In next year’s elections, there’s likely to be a noticeable uptick in the use of high-tech tools by stations like WBTV Charlotte, N.C. (above), to help viewers better understand the shifting political fortunes of candidates and parties and add a little on-screen pizzazz in the process.
Stations’ New Election Tools: Hybrid Sets, AR
Last month, television viewers in Canada had an easier time grasping how political power was shifting during the federal elections thanks to special data-driven graphics that the Canadian Broadcasting Corp. used in its live coverage
The graphics combined augmented reality (AR) with a 3D model of the Canadian parliament. “In our parliamentary system, the main thing is how many seats a party has, and sure enough on Oct, 19 we were delivered with a pretty incredible story of change,” says Michael Gruzuk, the CBC’s executive producer of news specials.
“So being able to just look at that augmented seat-change graphic and see how many more seats the Liberals would have and how many the NDP were losing, told viewers what was happening in a very simple to understand way.”
Networks like CBC have been in the forefront of virtual and augmented reality for elections, but it’s now within the reach of TV stations. “It’s the natural progression in storytelling,” Gruzuk says.
Set design firms and tech companies say there’s likely to be a noticeable uptick in the use of the high-tech tools next year — a big presidential election year — to inform viewers and add a little on-screen pizzazz.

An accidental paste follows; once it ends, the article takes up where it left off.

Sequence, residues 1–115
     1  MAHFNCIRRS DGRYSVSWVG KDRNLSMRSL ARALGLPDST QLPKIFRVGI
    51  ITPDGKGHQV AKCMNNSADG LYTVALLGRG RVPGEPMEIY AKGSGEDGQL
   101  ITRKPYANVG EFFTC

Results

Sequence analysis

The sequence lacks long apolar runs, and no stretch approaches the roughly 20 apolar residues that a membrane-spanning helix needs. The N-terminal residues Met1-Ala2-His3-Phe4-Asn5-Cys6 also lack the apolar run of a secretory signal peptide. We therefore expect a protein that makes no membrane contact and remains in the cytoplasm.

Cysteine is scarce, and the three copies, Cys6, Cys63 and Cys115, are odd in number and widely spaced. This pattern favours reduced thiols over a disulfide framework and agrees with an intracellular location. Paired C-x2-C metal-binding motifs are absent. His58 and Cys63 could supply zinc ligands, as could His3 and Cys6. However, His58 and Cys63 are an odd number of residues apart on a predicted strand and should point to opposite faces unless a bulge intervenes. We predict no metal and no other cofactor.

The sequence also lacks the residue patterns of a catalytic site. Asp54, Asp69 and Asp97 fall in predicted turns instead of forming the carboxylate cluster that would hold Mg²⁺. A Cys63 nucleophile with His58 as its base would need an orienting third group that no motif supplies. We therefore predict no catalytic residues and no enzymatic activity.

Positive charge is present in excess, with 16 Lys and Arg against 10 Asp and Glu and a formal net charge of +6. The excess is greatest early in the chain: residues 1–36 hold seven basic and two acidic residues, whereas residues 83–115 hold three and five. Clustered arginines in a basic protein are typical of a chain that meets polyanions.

Vizrt, which supplied its Viz Engine and Viz Virtual Studio for the CBC, is but one source of the technology. Powerful systems are also available from Hybrid TV, Orad (now a part of Avid), Ross Video and others.
(At IBC 2015, ChyronHego announced an OEM relationship with Hybrid TV to offer products. FX Design Group also offers Hybrid TV products as part of its hybrid sets.)
Some stations and station groups will have a running start. “Our hybrid set [combination virtual and actual set] gave us an opportunity [in 2014] to make an election center that looked dramatically different than anything we had in studio otherwise,” says Dennis Milligan, news/content director at WBTV, Raycom Media’s CBS affiliate in Charlotte, N.C.
Literally days before the off-year election, WBTV took delivery of its new set from FX Design Group. “We launched it on Election Night 2014. We barely knew where the buttons and switches were.”
Now, with a year of experience under its belt and another left to go, the station plans to incorporate augmented reality elements for Election Night 2016.
“We can do a lot of things, such as pulling graphs out of the floor, which we haven’t done yet, but we intend to do next year during election season,” Milligan says.
Interest in these technologies is growing among local broadcasters, says Mack McLaughlin, CEO-creative director of FX Design Group, which supplied WBTV and other Raycom stations with hybrid sets and virtual technology.
“I did a seminar presentation last week to about 40 people on virtual sets and big video [multiscreen video walls that have gained popularity on news sets],” he says. “When I asked them if they were there to hear about big video or virtual sets, 80% said they wanted to hear about virtual.”
Dan Devlin, owner and chief creative strategist of Devlin Design Group, also testifies to the heightened interest in the technology. “I think we have seen [adoption of] virtual the strongest in special events like an election. One of the big selling points of virtual is the ability to change the environment from set to set, event to event,” he adds.